The New York City Department of Education (NYCDOE) has embraced the Common Core Standards with a fervor that demonstrates a comprehensive commitment to this work. All of our 1,700-plus schools have been engaged in this initiative.
The Common Core is one of the key levers for accomplishing NYCDOE’s goal to graduate all students college- and career-ready. In New York City, the Common Core has impacted work in all disciplines and at every level from the central offices, through our school support structure, and in every school.
Pragmatically, teachers of the arts should be at the table and part of the conversation as the Common Core is implemented at the school level. In the face of the monumental shift caused by the Common Core, it’s important that we find clear and specific ways to articulate how arts education can reinforce the holistic and comprehensive approach that is at the center of the Common Core.
This is not to suggest that teachers of the arts should teach literacy or math by limiting opportunities for students to create art. In New York City, we remain committed to providing students at all levels with the skills, content, and understandings of the arts, according to the local standards outlined in The Blueprints for Teaching and Learning in the Arts. There are, however, exciting and appropriate ways to align arts teaching and learning with the Common Core that will ultimately benefit our kids.
Let’s look at the Common Core’s English Language Arts non-fiction or informational text requirement. To dig into this a bit deeper, I have four sample questions that we as arts educators can ask ourselves. These questions are by no means comprehensive in tapping into the array of ways that informational text can be used in an arts instructional setting.
1) In what ways is the deep examination of a work of visual arts for elements of composition comparable, but not identical to, the process of deconstructing informational text?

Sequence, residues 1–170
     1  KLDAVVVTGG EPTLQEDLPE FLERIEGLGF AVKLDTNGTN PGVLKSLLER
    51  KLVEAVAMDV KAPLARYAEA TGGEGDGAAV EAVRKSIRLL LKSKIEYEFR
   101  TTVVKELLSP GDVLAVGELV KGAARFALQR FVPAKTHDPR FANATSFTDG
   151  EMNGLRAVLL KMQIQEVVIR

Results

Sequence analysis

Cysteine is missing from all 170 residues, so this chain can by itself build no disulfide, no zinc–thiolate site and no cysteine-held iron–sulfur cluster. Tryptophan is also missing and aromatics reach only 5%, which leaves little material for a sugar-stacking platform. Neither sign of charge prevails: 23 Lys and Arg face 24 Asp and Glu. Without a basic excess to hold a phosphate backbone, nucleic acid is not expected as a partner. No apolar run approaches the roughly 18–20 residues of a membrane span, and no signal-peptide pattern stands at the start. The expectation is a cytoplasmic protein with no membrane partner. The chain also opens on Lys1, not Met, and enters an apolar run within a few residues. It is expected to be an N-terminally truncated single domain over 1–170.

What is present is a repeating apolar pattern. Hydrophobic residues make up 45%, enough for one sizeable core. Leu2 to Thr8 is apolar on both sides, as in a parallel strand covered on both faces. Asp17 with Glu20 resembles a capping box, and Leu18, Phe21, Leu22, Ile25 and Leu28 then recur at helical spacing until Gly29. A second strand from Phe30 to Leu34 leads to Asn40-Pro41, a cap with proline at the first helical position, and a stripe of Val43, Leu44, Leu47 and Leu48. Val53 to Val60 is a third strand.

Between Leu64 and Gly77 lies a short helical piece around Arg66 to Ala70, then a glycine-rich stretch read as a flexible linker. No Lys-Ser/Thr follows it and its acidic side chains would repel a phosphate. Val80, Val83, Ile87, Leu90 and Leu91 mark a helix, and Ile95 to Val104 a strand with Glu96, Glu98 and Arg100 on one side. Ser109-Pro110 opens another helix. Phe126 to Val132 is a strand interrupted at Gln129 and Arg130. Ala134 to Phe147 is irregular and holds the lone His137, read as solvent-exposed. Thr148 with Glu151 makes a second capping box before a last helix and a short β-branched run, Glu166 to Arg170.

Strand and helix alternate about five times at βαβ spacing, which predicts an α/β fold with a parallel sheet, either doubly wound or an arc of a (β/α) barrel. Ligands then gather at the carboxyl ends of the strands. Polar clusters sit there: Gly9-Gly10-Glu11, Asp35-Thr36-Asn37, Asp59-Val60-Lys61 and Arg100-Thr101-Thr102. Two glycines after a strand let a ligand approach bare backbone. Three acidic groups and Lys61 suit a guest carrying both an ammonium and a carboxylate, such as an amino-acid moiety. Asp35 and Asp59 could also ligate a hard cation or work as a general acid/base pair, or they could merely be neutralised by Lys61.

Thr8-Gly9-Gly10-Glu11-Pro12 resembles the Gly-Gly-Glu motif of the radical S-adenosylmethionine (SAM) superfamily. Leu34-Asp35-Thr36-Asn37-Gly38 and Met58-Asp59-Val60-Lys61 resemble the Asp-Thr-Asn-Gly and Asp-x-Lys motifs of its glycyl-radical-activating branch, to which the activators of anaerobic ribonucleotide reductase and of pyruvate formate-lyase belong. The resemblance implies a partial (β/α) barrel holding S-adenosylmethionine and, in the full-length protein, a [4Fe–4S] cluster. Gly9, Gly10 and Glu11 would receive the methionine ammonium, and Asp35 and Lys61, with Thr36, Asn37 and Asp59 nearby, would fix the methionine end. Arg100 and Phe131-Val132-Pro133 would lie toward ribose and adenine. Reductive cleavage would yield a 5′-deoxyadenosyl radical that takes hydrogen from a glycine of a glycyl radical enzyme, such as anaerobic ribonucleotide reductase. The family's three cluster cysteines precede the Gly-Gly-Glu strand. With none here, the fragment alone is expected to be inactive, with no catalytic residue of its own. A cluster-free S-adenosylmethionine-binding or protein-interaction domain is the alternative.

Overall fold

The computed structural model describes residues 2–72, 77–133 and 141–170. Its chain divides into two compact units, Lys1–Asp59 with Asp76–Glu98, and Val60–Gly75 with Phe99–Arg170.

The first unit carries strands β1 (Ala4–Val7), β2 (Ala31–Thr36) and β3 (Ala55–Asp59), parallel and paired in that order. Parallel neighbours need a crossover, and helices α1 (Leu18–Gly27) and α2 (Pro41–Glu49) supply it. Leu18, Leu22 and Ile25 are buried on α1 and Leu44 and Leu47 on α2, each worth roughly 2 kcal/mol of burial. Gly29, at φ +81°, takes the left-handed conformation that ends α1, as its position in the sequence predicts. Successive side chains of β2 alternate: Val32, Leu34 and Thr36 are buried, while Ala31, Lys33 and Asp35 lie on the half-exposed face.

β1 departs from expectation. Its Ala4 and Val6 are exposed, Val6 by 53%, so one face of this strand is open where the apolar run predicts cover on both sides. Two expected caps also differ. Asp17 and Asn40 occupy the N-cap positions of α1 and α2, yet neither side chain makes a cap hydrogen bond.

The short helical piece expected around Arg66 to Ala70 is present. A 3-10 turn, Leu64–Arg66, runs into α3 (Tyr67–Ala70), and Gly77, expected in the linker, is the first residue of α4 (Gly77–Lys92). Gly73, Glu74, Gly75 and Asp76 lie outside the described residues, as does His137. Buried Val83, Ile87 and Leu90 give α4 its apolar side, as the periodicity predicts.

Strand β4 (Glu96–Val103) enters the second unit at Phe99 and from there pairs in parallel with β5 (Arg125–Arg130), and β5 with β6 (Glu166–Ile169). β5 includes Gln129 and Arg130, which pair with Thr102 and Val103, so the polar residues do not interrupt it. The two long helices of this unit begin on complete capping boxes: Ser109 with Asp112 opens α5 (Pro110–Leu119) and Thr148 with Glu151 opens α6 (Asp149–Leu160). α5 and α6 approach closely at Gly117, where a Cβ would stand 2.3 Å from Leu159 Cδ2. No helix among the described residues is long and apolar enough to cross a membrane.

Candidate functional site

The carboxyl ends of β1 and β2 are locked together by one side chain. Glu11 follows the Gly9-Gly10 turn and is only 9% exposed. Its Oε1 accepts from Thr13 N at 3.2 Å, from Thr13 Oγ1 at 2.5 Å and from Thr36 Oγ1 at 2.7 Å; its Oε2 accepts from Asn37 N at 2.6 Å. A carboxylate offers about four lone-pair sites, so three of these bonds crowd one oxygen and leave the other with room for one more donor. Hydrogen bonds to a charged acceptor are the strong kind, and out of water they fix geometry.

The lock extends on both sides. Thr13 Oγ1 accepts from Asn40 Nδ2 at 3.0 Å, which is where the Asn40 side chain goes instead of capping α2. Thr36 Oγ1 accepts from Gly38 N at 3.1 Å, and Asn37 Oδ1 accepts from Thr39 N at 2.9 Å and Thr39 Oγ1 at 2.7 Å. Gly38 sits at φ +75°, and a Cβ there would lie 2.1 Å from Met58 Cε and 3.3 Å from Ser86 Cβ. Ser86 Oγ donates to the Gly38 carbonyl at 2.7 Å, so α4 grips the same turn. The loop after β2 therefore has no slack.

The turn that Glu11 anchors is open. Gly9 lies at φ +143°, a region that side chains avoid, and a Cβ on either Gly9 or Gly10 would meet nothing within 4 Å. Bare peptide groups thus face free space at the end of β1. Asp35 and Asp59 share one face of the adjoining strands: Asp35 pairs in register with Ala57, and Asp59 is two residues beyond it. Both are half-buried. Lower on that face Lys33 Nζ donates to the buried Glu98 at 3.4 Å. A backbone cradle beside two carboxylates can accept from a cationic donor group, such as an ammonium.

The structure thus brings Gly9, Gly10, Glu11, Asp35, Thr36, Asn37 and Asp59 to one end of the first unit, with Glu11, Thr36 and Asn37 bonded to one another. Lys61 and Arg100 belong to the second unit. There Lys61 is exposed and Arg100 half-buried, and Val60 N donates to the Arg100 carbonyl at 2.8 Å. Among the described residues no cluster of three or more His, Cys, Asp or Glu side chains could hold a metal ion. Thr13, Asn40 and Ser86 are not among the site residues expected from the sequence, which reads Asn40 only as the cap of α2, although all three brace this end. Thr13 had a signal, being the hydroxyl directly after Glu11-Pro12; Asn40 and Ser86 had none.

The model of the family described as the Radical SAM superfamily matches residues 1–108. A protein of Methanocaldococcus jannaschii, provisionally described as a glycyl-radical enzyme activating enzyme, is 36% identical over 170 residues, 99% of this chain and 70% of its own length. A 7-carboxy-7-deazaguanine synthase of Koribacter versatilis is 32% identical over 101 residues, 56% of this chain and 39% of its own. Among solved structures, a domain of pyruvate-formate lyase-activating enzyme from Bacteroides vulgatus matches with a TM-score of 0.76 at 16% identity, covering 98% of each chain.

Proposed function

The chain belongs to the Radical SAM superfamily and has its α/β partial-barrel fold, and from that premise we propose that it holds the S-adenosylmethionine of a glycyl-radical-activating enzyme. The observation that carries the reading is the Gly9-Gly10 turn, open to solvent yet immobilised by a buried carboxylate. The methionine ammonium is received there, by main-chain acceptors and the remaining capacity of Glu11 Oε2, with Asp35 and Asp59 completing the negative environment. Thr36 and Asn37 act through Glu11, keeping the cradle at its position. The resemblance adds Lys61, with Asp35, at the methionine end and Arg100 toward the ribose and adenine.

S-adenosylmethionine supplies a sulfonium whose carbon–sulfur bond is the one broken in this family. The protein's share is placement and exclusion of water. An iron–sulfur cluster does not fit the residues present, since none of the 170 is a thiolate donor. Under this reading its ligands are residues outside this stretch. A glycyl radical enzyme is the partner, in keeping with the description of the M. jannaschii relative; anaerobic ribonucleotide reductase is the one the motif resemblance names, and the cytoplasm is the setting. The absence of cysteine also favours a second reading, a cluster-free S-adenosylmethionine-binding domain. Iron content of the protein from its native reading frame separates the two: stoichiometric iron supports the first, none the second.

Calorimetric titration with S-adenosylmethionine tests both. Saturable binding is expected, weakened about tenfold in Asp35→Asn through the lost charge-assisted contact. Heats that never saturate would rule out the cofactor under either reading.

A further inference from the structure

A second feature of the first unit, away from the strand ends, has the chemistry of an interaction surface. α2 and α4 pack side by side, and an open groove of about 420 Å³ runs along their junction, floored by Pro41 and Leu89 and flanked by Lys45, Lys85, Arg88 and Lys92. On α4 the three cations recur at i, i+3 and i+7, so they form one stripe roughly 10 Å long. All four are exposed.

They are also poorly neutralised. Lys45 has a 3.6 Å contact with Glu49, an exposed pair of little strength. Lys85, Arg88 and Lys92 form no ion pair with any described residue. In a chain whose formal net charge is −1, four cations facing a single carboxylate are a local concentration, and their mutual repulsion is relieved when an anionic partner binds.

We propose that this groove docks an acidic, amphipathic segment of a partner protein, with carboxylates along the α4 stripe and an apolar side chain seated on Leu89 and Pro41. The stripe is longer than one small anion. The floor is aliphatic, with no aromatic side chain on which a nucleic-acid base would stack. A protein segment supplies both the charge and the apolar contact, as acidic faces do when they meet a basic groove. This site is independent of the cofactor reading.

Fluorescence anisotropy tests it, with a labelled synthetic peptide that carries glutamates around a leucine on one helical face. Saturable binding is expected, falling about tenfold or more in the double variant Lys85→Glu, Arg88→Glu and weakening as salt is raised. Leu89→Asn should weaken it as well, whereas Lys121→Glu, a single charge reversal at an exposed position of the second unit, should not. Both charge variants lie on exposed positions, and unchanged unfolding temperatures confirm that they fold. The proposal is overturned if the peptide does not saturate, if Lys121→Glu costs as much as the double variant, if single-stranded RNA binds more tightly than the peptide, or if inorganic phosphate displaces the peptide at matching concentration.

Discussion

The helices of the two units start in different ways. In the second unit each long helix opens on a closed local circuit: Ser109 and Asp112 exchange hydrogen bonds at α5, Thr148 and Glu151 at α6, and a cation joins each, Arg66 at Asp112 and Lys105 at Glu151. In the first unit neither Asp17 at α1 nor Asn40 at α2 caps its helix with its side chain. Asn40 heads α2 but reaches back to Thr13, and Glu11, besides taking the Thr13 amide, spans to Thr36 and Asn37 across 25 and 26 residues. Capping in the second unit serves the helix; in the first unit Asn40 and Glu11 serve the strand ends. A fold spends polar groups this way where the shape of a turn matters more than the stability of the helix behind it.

2) Can a musical score in a rehearsal setting, with its own system of symbols and vocabulary, be seen and used as informational text?
3) How might a dance teacher assist students in using informational text (e.g., research and performance reviews) to inform and support making original dances?
4) How can reading, analyzing, and reflecting upon playwright and directorial statements support an actor’s understandings of the script as he brings the text to life on stage?
I hope that your answers to these questions highlight opportunities for teachers of the arts to use informational text to support and enhance student art making.
I want to reiterate that without art making we have sacrificed the essential, distinct, and most important component of our work with students. However, there are critical, analytical, and reflective practices in the arts that parallel good practice in other content areas and that are firmly Common Core-aligned.
More importantly, the use of informational text might just make more thoughtful, insightful, and creative young artists. By making the connection from transferable processes within the arts to other content and life skills, teachers of the arts can play a significant role in ensuring students are college- and career-ready.